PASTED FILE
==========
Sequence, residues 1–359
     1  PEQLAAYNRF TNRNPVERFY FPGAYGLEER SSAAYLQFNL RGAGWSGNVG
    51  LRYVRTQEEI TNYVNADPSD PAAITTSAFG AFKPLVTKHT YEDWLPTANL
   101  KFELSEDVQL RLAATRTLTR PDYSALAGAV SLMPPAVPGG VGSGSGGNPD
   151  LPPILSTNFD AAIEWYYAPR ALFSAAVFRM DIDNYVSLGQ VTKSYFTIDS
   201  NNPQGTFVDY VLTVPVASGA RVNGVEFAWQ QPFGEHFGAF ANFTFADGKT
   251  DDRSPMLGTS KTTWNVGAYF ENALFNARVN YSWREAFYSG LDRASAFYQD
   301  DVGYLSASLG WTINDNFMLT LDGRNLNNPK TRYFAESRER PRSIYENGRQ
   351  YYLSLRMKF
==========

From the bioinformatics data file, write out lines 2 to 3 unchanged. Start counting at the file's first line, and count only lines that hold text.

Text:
     1  PEQLAAYNRF TNRNPVERFY FPGAYGLEER SSAAYLQFNL RGAGWSGNVG
    51  LRYVRTQEEI TNYVNADPSD PAAITTSAFG AFKPLVTKHT YEDWLPTANL